Bye-bye, Zombieland: Park Avenue Hotel bites the dust

The Park Avenue Hotel, at right, in its dying hours. The Eddystone, left, will be spared.
The Park Avenue Hotel, at right, in its dying hours. The Eddystone, left, will be spared.

Tomorrow morning, demolition crews will use 200 pounds of TNT to level the 91 year-old Park Avenue Hotel, a storied building that has become an abandoned eyesore and that stands in the way of plans for a new Detroit Red Wings arena.

At 13 stories and 252 rooms (at least in its original guise), the building has sat vacant for more than a decade, scrapped of its windows, architectural details and much of its metal, and covered with graffiti. It’s one of the more recognizable features along a barren stretch of Woodward Avenue between the rapidly gentrifying downtown and Midtown districts.

Local billionaire Mike Ilitch is demolishing the structure as part of plans for his $650 million arena district, a mixed-use neighborhood anchored by the new sports and entertainment arena. In addition to the Red Wings, Ilitch is the owner of the Detroit Tigers, Little Caesars Pizza, Olympia Entertainment and the MotorCity Casino and Hotel, which he co-owns with his wife.

The Park Avenue was designed by Louis Kamper, best known as the architect behind Detroit’s Book-Cadillac Hotel, and built in 1924 as part of a hotel-building boom in the city, largely to house transplants who came to work in the city’s factories. As the city’s fortunes changed, the hotel transferred ownership to the Salvation Army, which converted it to senior housing, then later as the Harbor Light Center rehab facility for drug addicts and the homeless. Many people who’ve been around town longer than I have point to the Harbor Light as a primary contributor to the Cass Corridor’s infamous seediness.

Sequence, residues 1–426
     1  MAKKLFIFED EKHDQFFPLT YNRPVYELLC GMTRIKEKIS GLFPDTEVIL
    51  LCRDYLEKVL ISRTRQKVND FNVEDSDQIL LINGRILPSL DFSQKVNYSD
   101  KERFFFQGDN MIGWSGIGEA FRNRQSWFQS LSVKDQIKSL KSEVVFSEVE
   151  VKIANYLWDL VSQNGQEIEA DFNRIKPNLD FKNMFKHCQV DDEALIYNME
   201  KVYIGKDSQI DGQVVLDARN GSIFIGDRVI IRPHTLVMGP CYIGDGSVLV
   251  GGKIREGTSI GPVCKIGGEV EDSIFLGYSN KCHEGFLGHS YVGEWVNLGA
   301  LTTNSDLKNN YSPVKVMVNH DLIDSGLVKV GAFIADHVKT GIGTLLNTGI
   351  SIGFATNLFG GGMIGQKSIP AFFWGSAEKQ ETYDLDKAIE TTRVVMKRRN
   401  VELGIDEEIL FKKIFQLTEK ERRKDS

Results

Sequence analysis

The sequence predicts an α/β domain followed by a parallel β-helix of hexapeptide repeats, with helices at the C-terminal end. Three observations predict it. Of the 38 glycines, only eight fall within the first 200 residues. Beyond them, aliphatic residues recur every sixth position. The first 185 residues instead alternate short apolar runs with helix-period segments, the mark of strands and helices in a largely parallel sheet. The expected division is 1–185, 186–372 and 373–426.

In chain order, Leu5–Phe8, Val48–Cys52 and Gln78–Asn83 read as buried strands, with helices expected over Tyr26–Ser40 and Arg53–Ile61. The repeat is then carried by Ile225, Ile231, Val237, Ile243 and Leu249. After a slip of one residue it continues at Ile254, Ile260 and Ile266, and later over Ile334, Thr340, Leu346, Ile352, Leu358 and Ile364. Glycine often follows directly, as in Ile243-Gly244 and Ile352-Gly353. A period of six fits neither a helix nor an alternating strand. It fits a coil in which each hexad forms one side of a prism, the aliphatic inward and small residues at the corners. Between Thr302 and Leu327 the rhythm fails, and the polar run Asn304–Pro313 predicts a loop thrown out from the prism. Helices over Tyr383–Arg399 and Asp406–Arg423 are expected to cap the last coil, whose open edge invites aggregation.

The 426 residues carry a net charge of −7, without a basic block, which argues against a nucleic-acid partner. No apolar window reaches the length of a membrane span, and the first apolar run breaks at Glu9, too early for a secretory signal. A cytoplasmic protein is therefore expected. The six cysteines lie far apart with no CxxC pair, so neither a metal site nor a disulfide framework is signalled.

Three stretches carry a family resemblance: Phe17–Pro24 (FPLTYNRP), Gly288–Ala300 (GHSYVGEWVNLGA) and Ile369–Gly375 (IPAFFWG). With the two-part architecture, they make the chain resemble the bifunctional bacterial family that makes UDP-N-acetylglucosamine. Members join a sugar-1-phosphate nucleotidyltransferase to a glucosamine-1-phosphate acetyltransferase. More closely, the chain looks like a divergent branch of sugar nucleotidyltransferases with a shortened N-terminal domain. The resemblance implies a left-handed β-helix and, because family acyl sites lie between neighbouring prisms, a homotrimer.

The hotel was closed in 2003 and has steadily deteriorated since. You can read more on the hotel’s story on Historic Detroit.

The Ilitch family says it will preserve and renovate the abandoned Hotel Eddystone directly across the street, which is at least some consolation.

The Detroit Historic District Commission approved the demolition in June in a 3-1 vote. As Motor City Muckraker reported, that vote came after Mayor Mike Duggan intervened by removing and replacing two pro-preservation commissioners from their posts and lobbying heavily in favor of the building’s demolition.

The whole episode recalls the dramatic and sordid saga of the Madison-Lenox Hotel, a turn-of-the-century downtown hotel that Ilitch acquired, let sit vacant and neglected for years and controversially had demolished in 2005 to create … wait for it … a surface parking lot.

Whatever your thoughts about the Ilitch family or the forthcoming arena district, two things are clear: Nothing moves more quickly in Detroit than when Ilitch wants a building gone to further his economic interests.

And Detroit is losing yet another connection to its incredible history.

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